Rethinking the Future of Deli Counters and Prepared Foods

woman working at deli counter

Even before COVID-19, retail deli was in need of innovation. Recent events are helping shape deli trends and reveal the areas most ripe for growth

In January 2020, retail foodservice and deli sales were on track for continued growth through the end of the year, due largely to gains in prepared food and pre-packaged items. Five months into 2020, with COVID-19 pushing consumers to eat at home more, deli customers are behaving differently than predicted. Some deli counters are temporarily closed and for ones that remain open, the unexpected shake-up is creating new challenges. Still, there’s a role for deli and prepared foods in grocery, and new opportunities are emerging, particularly for deli counters able to innovate in ways that address changing consumer preferences, shopping behaviors and health and safety concerns.

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A recap of 2019 and early 2020 deli trends

In 2019, fresh sliced meat and cheese purchases were down 3.2% compared to 2018 figures, while pre-packaged and prepared foods were up 4.9% and 1.9%, respectively, according to IRI Worldwide. In 2020, that trend reversed itself, at least temporarily, during COVID-19 stockpiling, with deli purchases surging in mid-March before mostly normalizing by end of month. During this period, deli cheese and meat sales were up 48% and 38%, and prepared deli items sales dropped off, especially salads, combo meals, soups and desserts.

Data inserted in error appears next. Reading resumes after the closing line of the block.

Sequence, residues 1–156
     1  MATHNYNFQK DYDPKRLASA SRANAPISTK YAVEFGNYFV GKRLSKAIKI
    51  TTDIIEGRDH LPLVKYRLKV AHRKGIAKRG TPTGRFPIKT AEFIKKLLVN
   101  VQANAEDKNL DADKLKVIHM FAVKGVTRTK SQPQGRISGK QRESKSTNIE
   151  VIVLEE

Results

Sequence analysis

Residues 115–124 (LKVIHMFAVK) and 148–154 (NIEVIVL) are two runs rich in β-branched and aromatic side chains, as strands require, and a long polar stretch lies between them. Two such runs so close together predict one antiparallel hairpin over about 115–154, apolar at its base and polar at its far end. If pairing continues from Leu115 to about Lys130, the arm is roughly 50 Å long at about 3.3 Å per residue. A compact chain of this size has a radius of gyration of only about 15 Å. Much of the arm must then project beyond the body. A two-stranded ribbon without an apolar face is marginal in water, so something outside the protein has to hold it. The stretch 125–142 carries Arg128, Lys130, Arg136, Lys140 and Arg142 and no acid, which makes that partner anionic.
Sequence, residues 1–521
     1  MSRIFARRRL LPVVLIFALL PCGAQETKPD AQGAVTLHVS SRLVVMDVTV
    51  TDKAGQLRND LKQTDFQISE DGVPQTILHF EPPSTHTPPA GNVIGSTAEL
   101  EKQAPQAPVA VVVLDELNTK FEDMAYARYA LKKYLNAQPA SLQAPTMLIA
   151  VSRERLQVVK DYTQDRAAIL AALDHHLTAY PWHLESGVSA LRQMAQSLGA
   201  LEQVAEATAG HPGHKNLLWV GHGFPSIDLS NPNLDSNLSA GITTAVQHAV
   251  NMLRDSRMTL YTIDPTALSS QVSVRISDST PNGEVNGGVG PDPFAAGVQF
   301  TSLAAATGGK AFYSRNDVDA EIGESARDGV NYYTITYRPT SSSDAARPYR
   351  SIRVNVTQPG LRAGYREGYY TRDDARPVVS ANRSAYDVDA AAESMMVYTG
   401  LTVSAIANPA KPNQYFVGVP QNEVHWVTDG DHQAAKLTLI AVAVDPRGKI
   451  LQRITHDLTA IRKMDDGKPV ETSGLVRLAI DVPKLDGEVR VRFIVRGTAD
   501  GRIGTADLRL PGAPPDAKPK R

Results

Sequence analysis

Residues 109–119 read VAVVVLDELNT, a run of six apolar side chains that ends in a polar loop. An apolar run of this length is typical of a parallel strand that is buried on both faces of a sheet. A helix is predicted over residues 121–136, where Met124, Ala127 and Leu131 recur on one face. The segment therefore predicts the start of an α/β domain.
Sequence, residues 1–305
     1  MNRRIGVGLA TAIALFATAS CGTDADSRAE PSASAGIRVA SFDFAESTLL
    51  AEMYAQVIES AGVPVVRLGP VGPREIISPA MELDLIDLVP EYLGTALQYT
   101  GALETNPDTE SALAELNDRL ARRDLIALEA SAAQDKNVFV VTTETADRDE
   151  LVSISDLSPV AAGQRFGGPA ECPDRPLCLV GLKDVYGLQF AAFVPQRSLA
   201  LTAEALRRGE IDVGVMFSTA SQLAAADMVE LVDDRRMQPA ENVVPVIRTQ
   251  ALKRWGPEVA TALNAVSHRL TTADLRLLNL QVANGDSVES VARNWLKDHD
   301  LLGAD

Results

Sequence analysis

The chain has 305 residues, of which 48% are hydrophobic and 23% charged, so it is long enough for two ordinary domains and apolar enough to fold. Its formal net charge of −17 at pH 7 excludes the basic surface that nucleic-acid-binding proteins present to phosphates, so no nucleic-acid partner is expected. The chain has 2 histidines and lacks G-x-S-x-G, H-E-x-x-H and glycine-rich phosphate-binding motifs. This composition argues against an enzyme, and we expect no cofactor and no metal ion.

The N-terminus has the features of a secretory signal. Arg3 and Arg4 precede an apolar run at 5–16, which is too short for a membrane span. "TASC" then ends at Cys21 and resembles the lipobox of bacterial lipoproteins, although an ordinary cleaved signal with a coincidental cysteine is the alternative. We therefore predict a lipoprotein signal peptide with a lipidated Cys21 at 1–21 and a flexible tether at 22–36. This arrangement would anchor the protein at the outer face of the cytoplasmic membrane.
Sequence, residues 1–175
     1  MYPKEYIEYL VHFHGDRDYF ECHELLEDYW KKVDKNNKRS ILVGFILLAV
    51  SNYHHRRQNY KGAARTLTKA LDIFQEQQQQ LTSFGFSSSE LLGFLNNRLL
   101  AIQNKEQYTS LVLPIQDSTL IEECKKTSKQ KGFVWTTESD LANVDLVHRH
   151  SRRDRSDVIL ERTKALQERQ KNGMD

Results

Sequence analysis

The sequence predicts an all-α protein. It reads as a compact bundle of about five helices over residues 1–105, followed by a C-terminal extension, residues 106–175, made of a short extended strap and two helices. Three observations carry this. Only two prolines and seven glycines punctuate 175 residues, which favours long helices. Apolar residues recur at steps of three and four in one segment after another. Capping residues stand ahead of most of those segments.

Sales have since slowed, but not returned to pre-COVID-19 numbers. Time will tell how deli items continue to fare, and we are keeping close watch on sales figures as COVID-19 restrictions and consumer sentiment evolve.

Areas of opportunity for deli

With the line between restaurants and grocery stores blurring more than ever before, including restaurants selling grocery items, there’s reason to believe deli, and especially prepared foods, could play an increasingly key role in consumer lives.

Here’s why it’s time to rethink the deli department:

  • Between 2013 and 2018, retail foodservice grew 3x faster than actual grocery sales, according to Technomic’s 2019 retail foodservice forecast

  • Pre-COVID-19, 2020 deli growth was up 2.8% from a year ago, and 51% of consumers purchased more prepared foods while visiting QSRs less often, per Technomic

  • 26% of consumers said prepared foods are the most important consideration when picking where they shop for fresh foods and 66% of consumers buy prepared foods from retail at least 3x per month, according to IRI data from 2019

  • With at-home dining the new norm in 2020, consumers may want to consolidate purchases and add mealtime variety through prepared foods


Within deli, it's convenience and snacking that are driving growth, and consumers are especially responding to innovative appetizers, entrees and prepared meals. But revitalization is necessary for continued success, especially as consumer needs evolve in the areas of nutrition, safety and variety.

Retailers who invest in the following areas will win a larger share of consumer preference in the coming months.

  1. Less prepared foods and bulk deli, more refrigerated UPC options. Self-serve stations were already falling out of favor. With COVID-19, consumers are feeling extra cautious about touch points, and the weariness may stay long-term. As a result, soups, sandwiches and sliced meats and cheeses are expected to continue moving from in-house preparation toward a packaged UPC format. This will not only impact perceptions of food safety but also reduce labor.